poetry by kelly peacock

letting go

I always thought 

it was about what you said 

just before you let them go. 

I love you and you hurt me. 

I’m sorry I can’t do this. 

Maybe the cup is half empty right now. 

Maybe you don’t miss me, 

though I would like to think you do. 

Sooner or later, things will be different 

and I’ll believe 

you leaving was more than just something I let happen. 

I’ve been told that a thing will go away

once it has served its purpose. 

I wonder if you think about me 

as often as you think about begging for forgiveness. 

this is how you will remember me

We split a bottle of wine

the first night we spent together.

I don't know who I was then,

besides a body of warmth,

a woman

letting herself be touched by a man

with no intention of keeping me close.

I wonder if you remember this.

It was desire,

wanting within reach.

I was someone who filled a void,

who made you feel things you refused to feel.

But I see it clearly, now that you're gone:

I am warmth, a body of want,

a woman to be desired,

with a force stronger than you will ever be.

I am someone who wants to love and be loved,

and this is how you will remember me.


It will hurt at first, like watching glass shatter and picking up the pieces and not knowing where to put them because you don’t want to hurt anyone else. I should tell you how the things you keep close break the easiest, how sometimes things are inevitable, how it will hurt like growing pains. 


Maybe we don’t end up together, 

I think, 

and then you kiss me again. 

You call it unraveling, 

I call it falling apart.

somewhere in between 

You are here,

somewhere in between 

his leaving and your becoming, 

feeling dry, close to empty. 

Imagine the earth cracked by the sun. 

Imagine this as shelter--

an excuse to protect yourself. 

There are hills and valleys 

and you are here, 

somewhere in between.


The ghost is sitting there, 


on the edge of the mattress, 

his body shifting with his eyes, 

his palms closing but close 

to me, my uncoiled fingers, 


He touches me. 

Déjà vu: he loves me—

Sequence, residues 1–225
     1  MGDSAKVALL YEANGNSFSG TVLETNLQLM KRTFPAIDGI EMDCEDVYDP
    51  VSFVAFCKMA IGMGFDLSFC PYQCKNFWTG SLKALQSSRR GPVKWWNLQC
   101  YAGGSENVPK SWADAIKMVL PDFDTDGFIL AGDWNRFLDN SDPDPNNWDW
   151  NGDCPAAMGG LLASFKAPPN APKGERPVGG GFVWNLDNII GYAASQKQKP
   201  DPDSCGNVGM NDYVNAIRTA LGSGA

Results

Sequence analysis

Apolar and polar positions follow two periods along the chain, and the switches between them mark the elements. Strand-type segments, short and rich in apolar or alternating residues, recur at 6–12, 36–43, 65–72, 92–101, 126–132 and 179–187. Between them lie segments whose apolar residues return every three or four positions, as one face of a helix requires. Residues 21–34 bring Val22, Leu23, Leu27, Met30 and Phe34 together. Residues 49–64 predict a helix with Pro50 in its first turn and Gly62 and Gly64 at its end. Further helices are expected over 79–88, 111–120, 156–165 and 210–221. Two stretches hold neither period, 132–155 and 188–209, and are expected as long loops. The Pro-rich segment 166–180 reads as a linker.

I emptied myself 

and his hands cupped and waited for me 

to drip like a leaky faucet.


I wish I could make him stay just by asking. 

My voice is not on a loop in his head

like my legs are around his shoulders.

He cannot hear me—

the lust clogs like wax.


To him, I am water 

and he is lapping me up. 

His hands open and ask for more 

and I wonder 

if this is what it means to be wet.


Wiping his bloody nose on the fabric, 

slipping under his sheets,

we are under the covers when he asks me to leave him. 

Lord only knows why his throat burns, 

why the wine turns back to water, 

why the water turns back to wine, 

back to water.

a difference between withering and weathering

His two fingers between my legs felt like matches. 

I still do not know what hurts more: 

him touching me or thinking of him touching me; 

either way, I did not ask for it. He knew this.

I was wrapped around his finger, like snow draping over branches. 

Even though it has been six years 

I still have a hard time breathing in winter; 

the cold air in my throat feels tight, 

like ice packed on concrete, like his arm against my chest. 

I cannot breathe but I am learning how to. 

Is there a difference between withering and weathering? 

I let myself get sucked into the thought of it:

I do not know how to not put my emotions in weather.


When I loved him 

and when he left me, 

the tenderness is the same.

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